California regulator to review May 19 ban on cryptocurrency donations to political campaigns that has been in place for years

California regulator to review May 19 ban on cryptocurrency donations to political campaigns that has been in place for years

A California state regulator may be looking into overturning a ban on cryptocurrency donations to political campaigns that has been in place since 2018.

According to your May 2022 schedule, The California Fair Political Practices Commission, or FPPC, has scheduled a “pre-debate” Thursday on the use of cryptocurrency for political campaign contributions in the state. The commission said it will consider drafting amendments to its regulations requiring that “no contribution may be made or received in cryptocurrency.”

In September 2018, The FPPC voted to ban both the sending and receiving of cryptocurrency contributions to political campaigns in the state of California, due to concerns that donations “could be used to circumvent contribution limits and bans, or by foreign entities to contribute to campaigns”. The director of communications of the FPPC, Jay Wierenga, told Cointelegraph that the commission “looks at trends and [trata] to get ahead of them,” citing a March opinion in which its legal division said that a campaign selling non-fungible tokens to raise funds must record “the full amount received” as a “reportable contribution.”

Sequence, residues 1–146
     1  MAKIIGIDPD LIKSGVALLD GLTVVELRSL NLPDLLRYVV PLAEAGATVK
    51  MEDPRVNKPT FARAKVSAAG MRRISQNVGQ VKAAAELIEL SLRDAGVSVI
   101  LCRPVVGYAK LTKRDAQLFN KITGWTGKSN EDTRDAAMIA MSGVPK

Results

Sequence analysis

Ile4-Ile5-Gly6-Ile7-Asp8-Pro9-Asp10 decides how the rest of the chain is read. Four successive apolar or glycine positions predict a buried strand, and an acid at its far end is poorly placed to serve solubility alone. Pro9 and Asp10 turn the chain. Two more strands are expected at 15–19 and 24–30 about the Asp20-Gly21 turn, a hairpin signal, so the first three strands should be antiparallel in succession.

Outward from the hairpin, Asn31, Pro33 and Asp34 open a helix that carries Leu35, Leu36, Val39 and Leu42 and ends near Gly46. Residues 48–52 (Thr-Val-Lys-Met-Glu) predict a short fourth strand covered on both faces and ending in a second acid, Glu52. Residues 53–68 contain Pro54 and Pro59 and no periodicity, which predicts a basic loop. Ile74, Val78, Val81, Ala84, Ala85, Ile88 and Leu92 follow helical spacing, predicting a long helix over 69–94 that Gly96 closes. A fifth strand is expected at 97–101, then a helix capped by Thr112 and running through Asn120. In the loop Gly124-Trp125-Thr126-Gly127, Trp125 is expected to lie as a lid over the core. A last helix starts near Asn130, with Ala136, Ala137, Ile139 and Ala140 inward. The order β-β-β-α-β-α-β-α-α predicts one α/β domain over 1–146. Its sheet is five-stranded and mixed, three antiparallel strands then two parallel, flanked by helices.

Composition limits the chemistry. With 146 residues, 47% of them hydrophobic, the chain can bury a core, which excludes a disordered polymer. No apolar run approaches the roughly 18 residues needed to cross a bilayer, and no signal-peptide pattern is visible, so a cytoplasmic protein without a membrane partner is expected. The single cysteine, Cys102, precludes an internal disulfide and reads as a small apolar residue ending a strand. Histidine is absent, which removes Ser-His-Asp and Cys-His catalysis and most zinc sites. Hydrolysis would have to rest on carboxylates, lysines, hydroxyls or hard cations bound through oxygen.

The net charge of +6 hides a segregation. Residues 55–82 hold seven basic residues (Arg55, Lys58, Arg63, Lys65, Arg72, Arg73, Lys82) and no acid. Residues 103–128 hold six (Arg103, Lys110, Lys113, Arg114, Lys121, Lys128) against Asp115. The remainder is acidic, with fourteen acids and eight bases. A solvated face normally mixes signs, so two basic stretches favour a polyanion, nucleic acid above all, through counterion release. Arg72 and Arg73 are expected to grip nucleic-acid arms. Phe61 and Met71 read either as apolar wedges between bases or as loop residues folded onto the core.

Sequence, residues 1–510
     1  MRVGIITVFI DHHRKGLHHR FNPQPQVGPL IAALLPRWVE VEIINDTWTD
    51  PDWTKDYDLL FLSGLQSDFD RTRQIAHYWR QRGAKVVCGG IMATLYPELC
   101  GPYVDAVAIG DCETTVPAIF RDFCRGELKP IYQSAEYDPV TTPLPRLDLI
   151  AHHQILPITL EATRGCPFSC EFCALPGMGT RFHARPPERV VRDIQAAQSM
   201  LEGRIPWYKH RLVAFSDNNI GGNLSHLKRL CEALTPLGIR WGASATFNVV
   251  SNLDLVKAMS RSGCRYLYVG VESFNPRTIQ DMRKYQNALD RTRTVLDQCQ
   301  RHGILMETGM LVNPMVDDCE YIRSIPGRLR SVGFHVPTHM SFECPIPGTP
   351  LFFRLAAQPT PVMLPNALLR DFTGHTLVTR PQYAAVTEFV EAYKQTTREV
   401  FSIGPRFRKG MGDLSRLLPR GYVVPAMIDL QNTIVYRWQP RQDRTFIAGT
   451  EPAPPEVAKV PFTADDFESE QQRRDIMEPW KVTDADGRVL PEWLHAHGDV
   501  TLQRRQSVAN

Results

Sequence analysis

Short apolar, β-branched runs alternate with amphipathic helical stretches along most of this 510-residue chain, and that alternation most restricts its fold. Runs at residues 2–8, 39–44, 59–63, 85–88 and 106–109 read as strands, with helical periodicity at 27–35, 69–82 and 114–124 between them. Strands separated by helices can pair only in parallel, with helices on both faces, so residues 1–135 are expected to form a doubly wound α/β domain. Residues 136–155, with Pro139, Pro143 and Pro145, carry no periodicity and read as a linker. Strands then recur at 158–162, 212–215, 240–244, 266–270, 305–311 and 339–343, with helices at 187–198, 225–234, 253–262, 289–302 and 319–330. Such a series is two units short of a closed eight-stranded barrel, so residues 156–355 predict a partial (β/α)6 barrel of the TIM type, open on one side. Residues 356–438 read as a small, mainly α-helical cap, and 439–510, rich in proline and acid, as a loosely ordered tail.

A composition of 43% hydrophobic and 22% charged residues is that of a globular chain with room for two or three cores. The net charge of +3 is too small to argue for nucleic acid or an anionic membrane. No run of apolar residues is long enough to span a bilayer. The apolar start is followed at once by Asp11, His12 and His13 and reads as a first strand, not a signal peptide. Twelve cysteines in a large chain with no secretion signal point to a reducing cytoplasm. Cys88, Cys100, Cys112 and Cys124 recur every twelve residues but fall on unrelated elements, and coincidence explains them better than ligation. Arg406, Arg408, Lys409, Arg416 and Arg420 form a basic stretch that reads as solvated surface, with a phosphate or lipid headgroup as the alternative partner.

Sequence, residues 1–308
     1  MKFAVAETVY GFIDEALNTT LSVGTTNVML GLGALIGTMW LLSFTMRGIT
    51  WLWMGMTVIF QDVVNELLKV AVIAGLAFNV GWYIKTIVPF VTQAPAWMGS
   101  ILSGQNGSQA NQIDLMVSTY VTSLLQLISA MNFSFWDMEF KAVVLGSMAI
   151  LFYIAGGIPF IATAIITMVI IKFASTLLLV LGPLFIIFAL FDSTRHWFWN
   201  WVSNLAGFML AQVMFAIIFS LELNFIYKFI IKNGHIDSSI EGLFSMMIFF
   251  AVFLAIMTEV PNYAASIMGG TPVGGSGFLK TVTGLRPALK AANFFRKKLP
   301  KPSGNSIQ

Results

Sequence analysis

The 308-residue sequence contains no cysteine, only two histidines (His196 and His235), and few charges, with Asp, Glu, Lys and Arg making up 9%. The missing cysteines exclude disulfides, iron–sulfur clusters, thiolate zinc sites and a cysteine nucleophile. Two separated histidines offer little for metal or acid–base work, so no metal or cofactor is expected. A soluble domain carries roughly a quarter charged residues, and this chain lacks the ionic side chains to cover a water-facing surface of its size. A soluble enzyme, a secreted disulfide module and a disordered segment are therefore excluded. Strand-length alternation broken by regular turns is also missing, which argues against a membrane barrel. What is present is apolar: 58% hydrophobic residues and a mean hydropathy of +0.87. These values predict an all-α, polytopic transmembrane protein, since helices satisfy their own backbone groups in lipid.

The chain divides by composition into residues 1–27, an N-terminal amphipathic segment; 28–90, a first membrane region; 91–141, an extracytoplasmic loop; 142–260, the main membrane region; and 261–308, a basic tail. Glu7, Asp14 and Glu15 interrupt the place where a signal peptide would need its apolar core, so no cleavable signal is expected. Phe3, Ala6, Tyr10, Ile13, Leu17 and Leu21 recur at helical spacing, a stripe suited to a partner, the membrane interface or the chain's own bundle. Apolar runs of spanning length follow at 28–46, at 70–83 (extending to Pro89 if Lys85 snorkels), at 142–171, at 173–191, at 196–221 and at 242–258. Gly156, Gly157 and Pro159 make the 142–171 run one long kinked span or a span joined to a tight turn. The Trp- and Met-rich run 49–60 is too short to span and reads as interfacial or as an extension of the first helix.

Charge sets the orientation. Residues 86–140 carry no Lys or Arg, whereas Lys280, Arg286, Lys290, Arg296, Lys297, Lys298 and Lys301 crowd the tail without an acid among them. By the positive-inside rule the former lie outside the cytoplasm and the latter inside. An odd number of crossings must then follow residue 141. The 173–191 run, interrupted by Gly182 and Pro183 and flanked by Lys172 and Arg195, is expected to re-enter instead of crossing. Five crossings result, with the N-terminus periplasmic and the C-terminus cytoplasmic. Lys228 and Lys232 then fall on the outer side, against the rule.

“This has been on our radar since the end of last year,” Wierenga said. “The cryptocurrency [ha] obviously grown in use and visibility since 2019. So the Commission wants to analyze and determine if there are any changes to be made, or not.”

According to Wierenga, the current ban on cryptocurrency contributions to political campaigns has not affected candidates running for election in California at the federal level, only state and local ones. For example, Aarika Rhodes, an elementary school teacher running to represent California’s 32nd congressional district, currently held by Democrat Brad Sherman, has openly called on her supporters to donate Bitcoin (BTC) via the Lighting Network:

Commissions and other government bodies in the United States are responsible for determining whether bans on cryptocurrency donations for state and local political campaigns apply. The South Carolina House ethics committee said in 2018 that the definition of a political campaign contribution did not include cryptocurrency, and Colorado limited the amount of cryptocurrency donations to the same levels as traditional money.

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